Catherine Holt: Businesses have questions for candidates

Local governments have more influence in our daily lives than any other level of government. They shape our homes, businesses, neighbourhoods and environment. And though municipal elections are notorious for low turnouts, it’s vital for all of us who care about our community to help choose who will represent us for the next four years.

The Greater Victoria Chamber of Commerce is doing its part to help you parse the mayoral candidates in your municipality.

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We have sent a list of questions to everyone who might occupy the top spot on their local council. Here are the questions, and why we chose them.

Question 1: Will you narrow the gap between business and residential property taxes?

Businesses are burdened by property taxes that grow at a faster rate than residential taxes. They are now between three and six times higher, depending on the municipality. Only Langford, Victoria and Oak Bay try to control the gap.

As senior levels of government offload costs onto municipalities — the employer’s health tax being added to municipal payrolls, for example — councils squeeze more out of businesses by raising their property taxes.

The reason comes down to votes: Businesses don’t have them and residents do. Taxation without representation has led to revolutions in other places.

We don’t want that — we just want to help businesses survive by having them pay the same amount for the same service as residents.

Question 2: Do you support improving transportation through regional governance, funding, planning and delivery?

From commuting from the West Shore to downtown parking, transportation transcends local borders. All 13 municipalities stumble over each other trying to make our transportation work. The bus is the only functional transportation service we have because it’s run by its own regional commission. We need the same thing for all transportation management.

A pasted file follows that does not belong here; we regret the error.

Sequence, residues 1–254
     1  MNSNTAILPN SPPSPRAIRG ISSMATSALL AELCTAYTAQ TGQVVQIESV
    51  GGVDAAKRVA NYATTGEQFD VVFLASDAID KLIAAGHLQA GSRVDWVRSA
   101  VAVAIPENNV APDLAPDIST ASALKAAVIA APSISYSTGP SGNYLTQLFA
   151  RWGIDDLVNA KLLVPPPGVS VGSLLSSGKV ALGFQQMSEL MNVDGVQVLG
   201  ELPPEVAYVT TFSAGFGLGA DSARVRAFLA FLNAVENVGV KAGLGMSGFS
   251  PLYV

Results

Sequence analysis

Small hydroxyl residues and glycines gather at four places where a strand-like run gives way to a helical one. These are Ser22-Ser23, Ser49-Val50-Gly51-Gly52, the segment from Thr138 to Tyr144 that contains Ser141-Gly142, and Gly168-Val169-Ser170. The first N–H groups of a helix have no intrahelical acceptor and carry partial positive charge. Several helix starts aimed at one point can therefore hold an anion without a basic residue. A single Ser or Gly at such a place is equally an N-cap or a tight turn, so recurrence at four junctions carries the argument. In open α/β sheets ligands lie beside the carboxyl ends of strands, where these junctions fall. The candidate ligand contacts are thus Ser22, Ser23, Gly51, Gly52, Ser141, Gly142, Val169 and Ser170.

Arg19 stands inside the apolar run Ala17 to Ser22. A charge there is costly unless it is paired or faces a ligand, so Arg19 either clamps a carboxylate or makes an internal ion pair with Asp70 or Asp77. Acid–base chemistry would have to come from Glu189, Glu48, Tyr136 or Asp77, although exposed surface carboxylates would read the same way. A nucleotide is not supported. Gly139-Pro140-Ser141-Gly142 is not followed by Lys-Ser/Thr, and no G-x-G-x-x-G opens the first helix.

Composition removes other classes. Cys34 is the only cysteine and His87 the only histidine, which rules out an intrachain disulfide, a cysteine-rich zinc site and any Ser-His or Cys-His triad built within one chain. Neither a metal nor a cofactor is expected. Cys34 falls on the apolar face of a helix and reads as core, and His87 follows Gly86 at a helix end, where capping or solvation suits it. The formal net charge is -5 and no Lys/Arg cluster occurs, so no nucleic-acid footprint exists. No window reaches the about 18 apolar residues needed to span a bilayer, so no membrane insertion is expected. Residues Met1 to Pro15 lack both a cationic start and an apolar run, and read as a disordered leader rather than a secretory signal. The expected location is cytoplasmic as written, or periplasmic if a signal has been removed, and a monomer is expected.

Without it, things are only going to get worse.

Question 3: Do you support a citizens’ assembly process that empowers the public to decide whether to reduce the number of municipalities in our region?

Saanich and Victoria have agreed to ask their voters this question, which is a tentative step toward creating a bigger and better municipality — a win-win outcome. If voters agree to the idea, a citizens’ assembly takes the process out of the hands of politicians and staff with a self-interest in maintaining the status quo. If the citizens’ assembly recommends a merger, voters would still have to formally approve.

There is more than enough evidence that combining Saanich and Victoria would create a great new municipality with more resources and a higher profile. We like to call it better governance through fewer governments.

The cost of the process is estimated to about the same as one latte per voter.

We think it’s worth it.

Question 4: Businesses in Greater Victoria are having trouble attracting and retaining employees due to the lack of affordable housing. What would you do to help solve this problem?

This is perhaps the biggest issue facing employers in our region and one of the greatest risks to our long-term economic health. Greater Victoria is a desirable place to live, work and visit. We have done well to attract the best and the brightest, and our tech sector continues to blossom. We are a world-class tourist mecca, and our public-service workers provide a bedrock for an economy that has helped turned real-estate investment into a primary industry.

However, there is a flip side to our success. The average salary no longer buys the average home. We need lots of creative non-market solutions that detach the idea of home from the idea of wealth creation.

Question 5: What would you do to improve the relationship between municipalities in our region and the provincial and federal governments?

Victoria is the seat of British Columbia’s government, which potentially gives local politicians tremendous access to the levers of provincial power. And few major infrastructure projects get off the ground without financial support from Ottawa. We need politicians who know how to work those levers to ensure the region gets its fair share of investment.

Question 6: Do you support secure and long-term funding for tourism marketing and sales through the Municipal and Regional District Tax system?

We’re asking the last question on behalf of our community partners at Destination Greater Victoria. The chamber has long recognized the value of the tourism sector to our region. In fact, the local tourism bureau started as a committee of the chamber. We want to know if candidates are committed to providing long-term support for tourism through the lucrative revenue provided by the Municipal and Regional District Tax paid by visitors to our region.

As the answers come in, we will post all of them on our fresh new website at victoriachamber.ca. Make sure to visit, read the answers and please vote on Oct. 20.

Catherine Holt is the CEO of the Greater Victoria Chamber of Commerce.

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